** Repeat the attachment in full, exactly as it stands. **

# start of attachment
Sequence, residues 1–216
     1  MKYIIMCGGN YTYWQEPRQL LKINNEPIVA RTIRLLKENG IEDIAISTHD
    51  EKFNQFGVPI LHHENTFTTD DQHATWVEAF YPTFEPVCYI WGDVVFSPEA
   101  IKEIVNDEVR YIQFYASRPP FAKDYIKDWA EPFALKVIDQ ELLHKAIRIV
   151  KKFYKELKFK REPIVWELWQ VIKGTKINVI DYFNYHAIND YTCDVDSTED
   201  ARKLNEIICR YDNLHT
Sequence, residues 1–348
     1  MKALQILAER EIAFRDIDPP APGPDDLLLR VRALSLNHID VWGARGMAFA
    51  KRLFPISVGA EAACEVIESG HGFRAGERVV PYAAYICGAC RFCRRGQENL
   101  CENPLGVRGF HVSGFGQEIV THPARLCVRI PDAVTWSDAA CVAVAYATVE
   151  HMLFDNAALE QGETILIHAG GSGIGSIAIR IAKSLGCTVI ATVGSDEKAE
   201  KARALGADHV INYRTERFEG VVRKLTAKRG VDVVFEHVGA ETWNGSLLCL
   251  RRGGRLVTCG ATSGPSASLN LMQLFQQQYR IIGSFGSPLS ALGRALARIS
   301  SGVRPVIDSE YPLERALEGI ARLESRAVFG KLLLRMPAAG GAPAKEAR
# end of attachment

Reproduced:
Sequence, residues 1–216
     1  MKYIIMCGGN YTYWQEPRQL LKINNEPIVA RTIRLLKENG IEDIAISTHD
    51  EKFNQFGVPI LHHENTFTTD DQHATWVEAF YPTFEPVCYI WGDVVFSPEA
   101  IKEIVNDEVR YIQFYASRPP FAKDYIKDWA EPFALKVIDQ ELLHKAIRIV
   151  KKFYKELKFK REPIVWELWQ VIKGTKINVI DYFNYHAIND YTCDVDSTED
   201  ARKLNEIICR YDNLHT
Sequence, residues 1–348
     1  MKALQILAER EIAFRDIDPP APGPDDLLLR VRALSLNHID VWGARGMAFA
    51  KRLFPISVGA EAACEVIESG HGFRAGERVV PYAAYICGAC RFCRRGQENL
   101  CENPLGVRGF HVSGFGQEIV THPARLCVRI PDAVTWSDAA CVAVAYATVE
   151  HMLFDNAALE QGETILIHAG GSGIGSIAIR IAKSLGCTVI ATVGSDEKAE
   201  KARALGADHV INYRTERFEG VVRKLTAKRG VDVVFEHVGA ETWNGSLLCL
   251  RRGGRLVTCG ATSGPSASLN LMQLFQQQYR IIGSFGSPLS ALGRALARIS
   301  SGVRPVIDSE YPLERALEGI ARLESRAVFG KLLLRMPAAG GAPAKEAR